Armenia’s exports of apricots, a major agricultural product, to Russia and other countries have nearly doubled this year, reaching a record high level, the Ministry of Agriculture said on Thursday.
Figures released by the ministry put the total physical volume of those exports at around 23,240 metric tons, up by 84 percent from last year. More than 85 percent of them went to Russia and another 11 percent to neighboring Georgia.
The ministry also reported a 47 percent surge in apricot purchases by Armenian food-processing companies, totaling just over 13,000 tons. The 28 firms turn the famously delicious fruit, collected and sold in June-August, into juices and preserves.
Armenian apricot output appears to have surpassed last year’s bumper harvest despite a powerful hailstorm that struck the southern Armavir province, one of the country’s main fruit-growing areas, in May. Nearly 50 local communities lost most of their crops, notably apricots, as a result.
The government data said nothing about the monetary value of apricots exported from Armenia and supplied to local food-processing firms. Wholesale buyers typically purchased them for 200-400 drams ($0.5-1) per kilogram from farmers depending on the size and appearance of the apricots. Many farmers were unhappy with these prices, saying that they barely cover their production costs.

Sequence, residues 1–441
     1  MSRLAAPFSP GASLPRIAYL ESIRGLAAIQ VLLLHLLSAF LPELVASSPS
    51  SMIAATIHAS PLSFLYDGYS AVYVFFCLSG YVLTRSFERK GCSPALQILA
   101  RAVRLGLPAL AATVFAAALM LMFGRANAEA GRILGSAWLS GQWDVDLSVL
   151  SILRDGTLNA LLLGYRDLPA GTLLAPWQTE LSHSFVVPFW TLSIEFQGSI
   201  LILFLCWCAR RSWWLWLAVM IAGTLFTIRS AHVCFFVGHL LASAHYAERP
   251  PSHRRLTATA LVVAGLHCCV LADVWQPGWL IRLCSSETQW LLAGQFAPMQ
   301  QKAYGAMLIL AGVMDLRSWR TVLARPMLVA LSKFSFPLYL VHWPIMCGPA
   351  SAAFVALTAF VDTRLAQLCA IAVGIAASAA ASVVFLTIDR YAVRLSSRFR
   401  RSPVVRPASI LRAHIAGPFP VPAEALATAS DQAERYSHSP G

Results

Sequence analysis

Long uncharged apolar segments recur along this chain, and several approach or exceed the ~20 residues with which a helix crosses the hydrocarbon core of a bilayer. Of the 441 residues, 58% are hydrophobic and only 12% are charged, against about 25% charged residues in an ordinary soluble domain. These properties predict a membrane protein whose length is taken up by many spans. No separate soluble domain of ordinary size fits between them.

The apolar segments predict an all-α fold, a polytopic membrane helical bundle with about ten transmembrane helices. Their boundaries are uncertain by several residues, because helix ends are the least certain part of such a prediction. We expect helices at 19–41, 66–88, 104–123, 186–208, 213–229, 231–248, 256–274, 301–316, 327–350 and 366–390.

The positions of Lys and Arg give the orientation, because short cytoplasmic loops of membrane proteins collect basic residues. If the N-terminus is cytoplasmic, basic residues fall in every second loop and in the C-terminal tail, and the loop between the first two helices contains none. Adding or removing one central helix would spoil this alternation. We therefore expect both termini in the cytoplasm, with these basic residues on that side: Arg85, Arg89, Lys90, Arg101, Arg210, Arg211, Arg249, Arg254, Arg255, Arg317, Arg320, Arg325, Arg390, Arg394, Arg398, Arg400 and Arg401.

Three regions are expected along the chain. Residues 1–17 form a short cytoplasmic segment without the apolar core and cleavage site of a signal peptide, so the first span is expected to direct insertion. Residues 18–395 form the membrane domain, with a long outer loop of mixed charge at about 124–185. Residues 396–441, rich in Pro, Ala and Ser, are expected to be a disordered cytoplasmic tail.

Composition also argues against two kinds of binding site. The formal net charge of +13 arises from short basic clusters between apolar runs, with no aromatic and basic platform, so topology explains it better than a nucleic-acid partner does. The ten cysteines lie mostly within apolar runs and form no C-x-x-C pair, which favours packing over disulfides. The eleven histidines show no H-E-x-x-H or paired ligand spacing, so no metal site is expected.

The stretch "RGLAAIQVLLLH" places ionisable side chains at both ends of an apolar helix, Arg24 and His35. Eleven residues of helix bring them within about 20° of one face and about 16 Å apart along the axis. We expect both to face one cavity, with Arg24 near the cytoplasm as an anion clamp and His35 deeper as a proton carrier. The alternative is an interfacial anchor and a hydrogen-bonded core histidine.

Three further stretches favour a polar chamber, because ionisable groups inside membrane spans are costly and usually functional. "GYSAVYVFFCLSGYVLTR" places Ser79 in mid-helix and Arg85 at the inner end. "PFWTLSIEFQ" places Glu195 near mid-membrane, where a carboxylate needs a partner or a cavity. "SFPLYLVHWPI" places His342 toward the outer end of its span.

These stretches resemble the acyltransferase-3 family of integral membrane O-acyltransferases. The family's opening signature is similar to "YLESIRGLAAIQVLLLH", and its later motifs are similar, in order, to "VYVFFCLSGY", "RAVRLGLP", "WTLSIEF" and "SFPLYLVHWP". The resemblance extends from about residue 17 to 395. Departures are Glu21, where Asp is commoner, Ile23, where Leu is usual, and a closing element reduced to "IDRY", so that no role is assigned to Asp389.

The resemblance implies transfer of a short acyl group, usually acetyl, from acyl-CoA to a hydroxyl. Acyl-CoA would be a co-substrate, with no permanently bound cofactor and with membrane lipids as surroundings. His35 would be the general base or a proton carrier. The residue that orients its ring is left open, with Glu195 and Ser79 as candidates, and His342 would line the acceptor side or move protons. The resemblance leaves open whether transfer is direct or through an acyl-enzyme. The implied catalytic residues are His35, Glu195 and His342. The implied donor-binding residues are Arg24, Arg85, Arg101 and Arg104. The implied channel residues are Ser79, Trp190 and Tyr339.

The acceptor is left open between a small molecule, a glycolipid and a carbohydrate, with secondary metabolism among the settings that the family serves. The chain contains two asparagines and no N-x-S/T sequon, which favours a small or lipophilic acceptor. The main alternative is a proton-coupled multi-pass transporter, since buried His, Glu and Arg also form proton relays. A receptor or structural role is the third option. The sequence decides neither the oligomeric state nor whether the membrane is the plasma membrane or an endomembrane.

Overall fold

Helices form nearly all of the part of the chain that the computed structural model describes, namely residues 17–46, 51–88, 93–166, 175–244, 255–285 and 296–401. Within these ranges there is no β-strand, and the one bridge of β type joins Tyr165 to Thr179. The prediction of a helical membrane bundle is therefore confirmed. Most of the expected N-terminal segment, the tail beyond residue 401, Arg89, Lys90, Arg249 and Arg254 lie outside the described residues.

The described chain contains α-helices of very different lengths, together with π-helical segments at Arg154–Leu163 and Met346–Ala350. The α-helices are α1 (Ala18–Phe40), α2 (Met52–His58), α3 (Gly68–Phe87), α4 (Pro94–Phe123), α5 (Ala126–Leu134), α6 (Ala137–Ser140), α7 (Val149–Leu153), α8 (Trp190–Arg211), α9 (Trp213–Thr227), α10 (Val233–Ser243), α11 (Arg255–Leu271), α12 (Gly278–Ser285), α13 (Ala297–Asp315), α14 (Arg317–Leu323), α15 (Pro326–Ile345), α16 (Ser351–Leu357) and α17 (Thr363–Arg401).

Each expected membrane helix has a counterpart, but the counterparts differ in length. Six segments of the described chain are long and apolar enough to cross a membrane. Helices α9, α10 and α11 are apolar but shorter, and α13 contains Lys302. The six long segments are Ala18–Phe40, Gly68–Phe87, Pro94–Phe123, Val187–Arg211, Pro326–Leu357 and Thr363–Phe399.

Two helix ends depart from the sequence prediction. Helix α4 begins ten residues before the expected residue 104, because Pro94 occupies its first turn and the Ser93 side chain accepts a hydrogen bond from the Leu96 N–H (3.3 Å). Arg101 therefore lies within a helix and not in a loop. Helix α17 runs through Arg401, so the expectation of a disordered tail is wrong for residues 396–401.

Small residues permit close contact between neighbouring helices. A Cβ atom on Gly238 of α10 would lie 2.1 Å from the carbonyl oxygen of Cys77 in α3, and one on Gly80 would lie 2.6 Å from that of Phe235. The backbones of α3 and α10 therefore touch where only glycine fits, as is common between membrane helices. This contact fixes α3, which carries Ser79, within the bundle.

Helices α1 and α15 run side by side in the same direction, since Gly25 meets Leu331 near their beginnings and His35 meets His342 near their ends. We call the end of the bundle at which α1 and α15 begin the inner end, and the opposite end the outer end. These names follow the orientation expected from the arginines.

About two thousand of them blocked a highway in another southern province, Ararat, in mid-June to demand that the prices be raised to 500 drams per kilogram. They also demanded that apricot exporters end what they called weight manipulation.
Similar protests erupted in Armavir later in June. Hundreds of apricot farmers there complained that wholesale buyers are ignoring their communities because their produce battered by hail looks less attractive.
The Armavir protest came just days after Agriculture Minister Sergo Karapetian’s visit to the province. Karapetian assured local villagers that they will have no trouble selling their fruits. He also inspected the wholesale purchase of apricots by one of the Yerevan-based companies exporting them.